83 yr M, with h/o Prostate CA (on hormonal Rx w/ undetectable PSA) PMH significant for CLL on BM Bx 9 yrs back (no current treatment). Now presents w/ fatigue, unexplained wt. loss & anorexia. CT: extensive abd. LAD. FDG PET/CT scan is shown. Most likely...
49 yr old male with atypical angina; underwent Tc-99m Tetrofosmin SPECT stress study. The images indicate: A. Attenuation Artifact B. Scatter Artifact C. Normalization Artifact D. Reverse Redistribution Pattern
What is Nuclear Medicine & Molecular Imaging?
Molecular imaging is a type of medical imaging that provides detailed pictures of what is happening inside the body at the molecular and cellular level.
About Nuclear Medicine & Molecular Imaging:
Nuclear Medicine is branch of medicine that uses the radioactivity for diagnosis and therapy. It started in the mid-1920s when German scientists experimented with radionuclides on rats.
Diagnostic Nuclear Medicine (Radionuclide Imaging, Nuclear Scintigraphy):
Tracers (pharmaceuticals labeled with radiation emitting isotopes or radionuclides) are administered to patients (either intravenous, orally, inhalation, subcutaneously/subdermally) and the radiation emitted is detected by scintillation cameras (gamma cameras or PET cameras) and images are produced from this, depicting the distribution of the tracer within the body.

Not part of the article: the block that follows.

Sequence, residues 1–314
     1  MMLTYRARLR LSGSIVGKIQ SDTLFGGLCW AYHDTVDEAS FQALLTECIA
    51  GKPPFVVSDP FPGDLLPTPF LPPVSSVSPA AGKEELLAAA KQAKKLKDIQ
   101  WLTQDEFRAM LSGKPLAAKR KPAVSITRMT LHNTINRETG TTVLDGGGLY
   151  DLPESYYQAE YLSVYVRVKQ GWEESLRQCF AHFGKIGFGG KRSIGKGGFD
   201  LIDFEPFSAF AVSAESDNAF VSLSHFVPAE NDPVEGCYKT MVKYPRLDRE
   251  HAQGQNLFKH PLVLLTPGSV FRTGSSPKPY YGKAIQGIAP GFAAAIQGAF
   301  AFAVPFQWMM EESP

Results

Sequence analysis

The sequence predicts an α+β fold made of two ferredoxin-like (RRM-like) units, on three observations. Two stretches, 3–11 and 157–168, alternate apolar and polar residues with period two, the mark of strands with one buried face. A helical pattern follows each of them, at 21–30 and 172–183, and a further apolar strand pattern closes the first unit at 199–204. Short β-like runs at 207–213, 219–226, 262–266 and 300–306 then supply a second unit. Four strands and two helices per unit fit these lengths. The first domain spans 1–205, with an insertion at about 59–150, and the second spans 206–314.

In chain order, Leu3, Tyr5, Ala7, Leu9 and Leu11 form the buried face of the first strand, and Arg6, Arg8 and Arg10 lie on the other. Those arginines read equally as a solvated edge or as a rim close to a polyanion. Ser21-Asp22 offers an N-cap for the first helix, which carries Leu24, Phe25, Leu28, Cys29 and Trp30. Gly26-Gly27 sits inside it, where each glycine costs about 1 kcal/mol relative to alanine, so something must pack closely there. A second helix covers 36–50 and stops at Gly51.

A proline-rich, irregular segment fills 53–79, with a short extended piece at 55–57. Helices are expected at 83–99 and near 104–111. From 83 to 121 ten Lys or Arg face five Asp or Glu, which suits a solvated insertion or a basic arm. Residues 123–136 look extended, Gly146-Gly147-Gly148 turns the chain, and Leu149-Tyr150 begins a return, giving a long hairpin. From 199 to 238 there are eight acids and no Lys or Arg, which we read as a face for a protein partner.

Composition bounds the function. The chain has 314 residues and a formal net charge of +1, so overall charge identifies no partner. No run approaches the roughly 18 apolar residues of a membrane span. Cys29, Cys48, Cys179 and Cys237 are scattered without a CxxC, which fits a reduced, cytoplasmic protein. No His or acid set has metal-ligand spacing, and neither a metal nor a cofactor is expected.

Therapeutic Nuclear Medicine:
Radiopharmaceuticals are administered (usually intravenously) to treat disease with curative or palliative intent. They act by killing abnormal cells within the body by high but localized radiation exposure (akin to targeted internal radiation).
PET/CT, a hybrid imaging technique, combines functional/physiologic imaging with the more traditional anatomic/structural imaging. By providing the best of both worlds, it has played a pivotal role in ushering in the new era of Molecular Imaging, to go hand in hand with Molecular Medicine in the 21st century.
The Indo-American Society of Nuclear Medicine (IASNM) was conceived in 1979 and incorporated as a non-profit tax-exempt organization in the State of Texas in 1984. The membership of the Society primarily consists of physicians, scientists and technologists in nuclear medicine, although interested professionals in other disciplines also can be members of the Society. The major objective of this Society is to advance the profession of nuclear medicine through exchange of ideas and knowledge among its members, and also to help promote the state-of-the-art nuclear medicine in the developing countries, namely, India.